5 Black Tech Leaders You Should Know

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Celebrating Black History Month

In honor of Black History Month, GovCIO is spotlighting the remarkable Black leaders who have left a lasting mark on the technology landscape. These visionaries shape the past and present with their contributions and unwavering dedication.

Here are five tech leaders you should know about.

NASA research mathematician Katherine Johnson is photographed at her desk at NASA Langley Research Center with a globe, or "Celestial Training Device."

1. Katherine Johnson (1918 – 2020)

The achievements of Katherine Johnson gained widespread recognition through the film Hidden Figures, yet for those unfamiliar, she stands as a pioneering Black woman in technology. Enrolling in college at 15, Johnson faced limited employment prospects upon graduation, primarily in teaching or nursing. However, she ultimately secured a position at the Langley Research Center (later part of NASA). Beginning her role as a “human computer” in 1953, Johnson played a pivotal role in calculating the flight trajectory for NASA’s inaugural space mission. Her meticulous calculations proved indispensable to the success of many early missions, including Project Mercury and Apollo 11. Additionally, she provided critical validation for the accuracy of machine-generated computations.

In recognition of her outstanding contributions, President Obama honored her with the Presidential Medal of Freedom in 2015.


2. Otis Boykin (1920 – 1982)

Otis Boykin stands out as another prolific inventor, boasting an impressive portfolio of 26 patents. Following his graduation from Fisk College in 1941, he embarked on a career with the Majestic Radio and TV Corporation, later joining P.J. Nilsen Research Laboratories. Boykin’s inventions included a wire precision resistor, integral to the operation of televisions, radios, IBM computers, and military missiles. Notably, he also developed a control unit for pacemakers. Boykin’s innovations played a significant role in enhancing the efficiency and affordability of everyday electronics, leaving a lasting impact on the field.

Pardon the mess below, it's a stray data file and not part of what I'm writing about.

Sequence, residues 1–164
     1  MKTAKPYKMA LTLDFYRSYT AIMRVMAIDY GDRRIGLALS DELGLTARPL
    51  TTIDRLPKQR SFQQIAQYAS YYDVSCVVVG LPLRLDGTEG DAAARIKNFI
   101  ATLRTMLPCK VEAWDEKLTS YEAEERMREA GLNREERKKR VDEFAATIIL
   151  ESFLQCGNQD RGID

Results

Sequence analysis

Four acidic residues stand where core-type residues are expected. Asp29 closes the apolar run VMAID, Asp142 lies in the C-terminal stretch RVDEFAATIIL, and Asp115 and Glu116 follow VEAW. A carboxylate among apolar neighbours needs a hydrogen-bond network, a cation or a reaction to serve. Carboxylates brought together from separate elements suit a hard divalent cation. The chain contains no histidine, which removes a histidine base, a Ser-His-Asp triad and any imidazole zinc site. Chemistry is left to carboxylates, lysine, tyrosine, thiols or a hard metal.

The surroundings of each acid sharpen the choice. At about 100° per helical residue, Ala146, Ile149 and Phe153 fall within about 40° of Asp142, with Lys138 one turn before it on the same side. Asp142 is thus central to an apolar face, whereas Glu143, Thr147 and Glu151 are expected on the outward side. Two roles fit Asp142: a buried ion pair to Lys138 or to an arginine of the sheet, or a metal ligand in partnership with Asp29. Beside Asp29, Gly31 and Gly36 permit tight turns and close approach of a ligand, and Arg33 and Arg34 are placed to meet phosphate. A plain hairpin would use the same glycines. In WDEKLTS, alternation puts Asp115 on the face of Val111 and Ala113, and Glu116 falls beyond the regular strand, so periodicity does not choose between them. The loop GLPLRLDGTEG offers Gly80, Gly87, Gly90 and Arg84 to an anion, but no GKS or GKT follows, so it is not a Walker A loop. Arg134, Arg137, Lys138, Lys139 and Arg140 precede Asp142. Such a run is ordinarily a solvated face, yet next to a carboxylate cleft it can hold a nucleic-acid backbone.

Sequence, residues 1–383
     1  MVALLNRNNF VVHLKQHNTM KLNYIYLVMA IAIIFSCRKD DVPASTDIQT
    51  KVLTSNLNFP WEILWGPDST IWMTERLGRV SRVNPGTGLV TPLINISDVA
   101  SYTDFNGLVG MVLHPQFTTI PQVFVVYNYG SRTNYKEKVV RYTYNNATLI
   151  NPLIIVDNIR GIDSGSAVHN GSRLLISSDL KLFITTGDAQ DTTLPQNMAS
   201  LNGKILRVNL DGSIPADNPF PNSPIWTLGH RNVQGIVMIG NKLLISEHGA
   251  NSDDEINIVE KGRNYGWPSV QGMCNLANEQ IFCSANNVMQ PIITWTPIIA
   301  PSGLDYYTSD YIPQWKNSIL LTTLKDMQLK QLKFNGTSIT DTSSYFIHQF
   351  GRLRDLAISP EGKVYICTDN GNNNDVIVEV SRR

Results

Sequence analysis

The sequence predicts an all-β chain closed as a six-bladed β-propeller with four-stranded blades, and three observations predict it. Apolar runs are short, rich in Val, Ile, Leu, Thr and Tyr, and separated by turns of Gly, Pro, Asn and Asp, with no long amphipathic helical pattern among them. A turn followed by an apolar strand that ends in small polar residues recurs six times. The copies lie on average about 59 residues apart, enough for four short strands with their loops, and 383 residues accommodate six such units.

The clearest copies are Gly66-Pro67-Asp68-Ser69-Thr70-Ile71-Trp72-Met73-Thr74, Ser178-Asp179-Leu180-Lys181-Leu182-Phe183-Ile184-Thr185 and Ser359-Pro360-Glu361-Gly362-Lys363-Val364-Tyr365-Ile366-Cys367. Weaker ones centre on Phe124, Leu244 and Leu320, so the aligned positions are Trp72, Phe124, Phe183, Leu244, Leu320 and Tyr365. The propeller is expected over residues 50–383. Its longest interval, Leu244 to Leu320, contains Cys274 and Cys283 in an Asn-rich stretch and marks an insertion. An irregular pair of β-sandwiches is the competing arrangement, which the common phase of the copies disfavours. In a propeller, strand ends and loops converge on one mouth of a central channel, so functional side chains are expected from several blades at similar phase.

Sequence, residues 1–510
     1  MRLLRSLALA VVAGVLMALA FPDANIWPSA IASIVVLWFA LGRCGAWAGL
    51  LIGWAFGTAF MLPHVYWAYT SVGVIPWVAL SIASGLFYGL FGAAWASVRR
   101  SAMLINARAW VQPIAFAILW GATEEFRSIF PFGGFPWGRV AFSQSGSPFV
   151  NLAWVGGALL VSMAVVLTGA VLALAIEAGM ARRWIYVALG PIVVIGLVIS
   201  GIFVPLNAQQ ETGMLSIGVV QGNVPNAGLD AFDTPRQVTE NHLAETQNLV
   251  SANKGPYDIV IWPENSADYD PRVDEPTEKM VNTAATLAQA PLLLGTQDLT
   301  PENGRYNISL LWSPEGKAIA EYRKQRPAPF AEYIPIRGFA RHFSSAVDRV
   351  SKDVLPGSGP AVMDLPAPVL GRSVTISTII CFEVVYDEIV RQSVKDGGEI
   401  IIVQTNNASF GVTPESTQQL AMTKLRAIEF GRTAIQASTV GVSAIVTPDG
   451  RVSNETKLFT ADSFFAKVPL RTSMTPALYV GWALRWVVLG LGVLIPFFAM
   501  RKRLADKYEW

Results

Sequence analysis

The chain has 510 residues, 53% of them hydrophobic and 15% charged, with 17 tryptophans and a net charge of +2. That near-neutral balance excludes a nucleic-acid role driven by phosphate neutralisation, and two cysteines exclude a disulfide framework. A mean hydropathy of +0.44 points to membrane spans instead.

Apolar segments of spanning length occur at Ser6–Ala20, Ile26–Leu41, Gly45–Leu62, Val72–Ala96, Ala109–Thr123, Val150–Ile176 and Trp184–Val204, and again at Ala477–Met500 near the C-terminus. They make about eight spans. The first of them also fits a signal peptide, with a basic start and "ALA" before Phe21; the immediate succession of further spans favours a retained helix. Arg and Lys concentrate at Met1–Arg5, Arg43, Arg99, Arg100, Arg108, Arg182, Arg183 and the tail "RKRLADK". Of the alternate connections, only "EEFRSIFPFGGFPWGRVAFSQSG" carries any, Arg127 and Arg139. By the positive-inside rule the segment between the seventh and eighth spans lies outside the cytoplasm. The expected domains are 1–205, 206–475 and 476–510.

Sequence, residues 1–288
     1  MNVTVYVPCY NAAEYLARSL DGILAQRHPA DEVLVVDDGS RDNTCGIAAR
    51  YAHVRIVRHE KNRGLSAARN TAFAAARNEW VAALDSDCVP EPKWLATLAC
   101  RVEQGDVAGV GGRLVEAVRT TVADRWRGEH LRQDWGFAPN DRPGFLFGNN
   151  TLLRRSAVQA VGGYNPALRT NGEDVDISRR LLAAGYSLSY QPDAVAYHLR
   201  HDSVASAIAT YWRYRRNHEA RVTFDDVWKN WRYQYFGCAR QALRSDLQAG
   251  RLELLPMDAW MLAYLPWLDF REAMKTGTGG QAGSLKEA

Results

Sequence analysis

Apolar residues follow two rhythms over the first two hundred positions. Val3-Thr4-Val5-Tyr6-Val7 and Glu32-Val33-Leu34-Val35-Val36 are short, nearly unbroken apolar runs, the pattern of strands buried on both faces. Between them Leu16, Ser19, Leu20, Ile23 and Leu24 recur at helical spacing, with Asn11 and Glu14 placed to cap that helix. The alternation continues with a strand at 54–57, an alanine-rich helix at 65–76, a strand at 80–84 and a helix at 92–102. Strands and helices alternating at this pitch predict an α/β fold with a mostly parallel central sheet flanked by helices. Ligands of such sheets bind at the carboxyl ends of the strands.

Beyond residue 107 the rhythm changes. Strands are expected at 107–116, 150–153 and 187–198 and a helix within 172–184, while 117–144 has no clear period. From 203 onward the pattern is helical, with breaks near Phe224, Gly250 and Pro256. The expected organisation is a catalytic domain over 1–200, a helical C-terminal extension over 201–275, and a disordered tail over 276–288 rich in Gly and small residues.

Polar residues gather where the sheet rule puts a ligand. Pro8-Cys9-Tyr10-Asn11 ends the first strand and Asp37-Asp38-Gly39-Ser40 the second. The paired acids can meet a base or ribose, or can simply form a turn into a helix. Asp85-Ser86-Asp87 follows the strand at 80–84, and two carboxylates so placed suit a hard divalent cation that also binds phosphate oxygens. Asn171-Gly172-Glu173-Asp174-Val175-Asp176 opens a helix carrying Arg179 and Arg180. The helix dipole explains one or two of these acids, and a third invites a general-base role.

3. Frank Greene (1938 – 2009)

Frank Greene is widely celebrated as one of the trailblazing “first Black technologists.” His groundbreaking work unfolded in the 1960s at Fairchild Semiconductor R&D Labs, where he spearheaded the development of high-speed semiconductor computer-memory systems. Greene eventually ventured into entrepreneurship, founding two technology companies and establishing NewVista Capital, a venture capital firm dedicated to supporting minority and female-led enterprises. Greene’s enduring legacy as both a technologist and an investor continues to resonate today. Notably, he is among the esteemed 63 inductees in the Silicon Valley Engineering Council’s Hall of Fame, further solidifying his profound impact on the tech industry.


4. Dr. Shirley Jackson (1946 – Present)

Dr. Shirley Jackson, a distinguished theoretical physicist, made history as the first African-American woman to achieve a doctorate degree in nuclear physics at MIT – the first African-American woman to attain a doctorate from MIT across all disciplines. Dr. Jackson’s groundbreaking research laid the foundation for significant advancements in the telecommunications sector including the development of transformative technologies such as the touch-tone telephone, caller ID, call waiting, and fiber-optic cable systems.

Dr. Jackson has been the recipient of numerous fellowships, honors, and awards, notably including the prestigious National Medal of Science. Recognizing her exceptional expertise, President Barack Obama nominated her to serve as a member of the President’s Intelligence Advisory Board.


5. Lisa Gelobter (1971 – Present)

Ever wonder how video and animation (often seen in the form of GIFs) came to be? Lisa Gelobter is the visionary computer scientist behind many of these transformative technologies. Renowned for her pioneering work, Gelobter was instrumental in creating Shockwave, a pivotal innovation that laid the groundwork for animation on the web. Beyond her contributions to technology, Gelobter’s expertise extends to policy, having served at the White House in the U.S. Digital Service and as the Chief Digital Service Officer for the Department of Education.

Currently, Gelobter serves as the CEO and Founder of tEQuitable, a groundbreaking platform dedicated to fostering safe, inclusive, and equitable workplaces.



Image Source: NASA. Katherine Johnson. Picryl. 1960. https://picryl.com/media/katherine-johnson-john-glenn-512d72.


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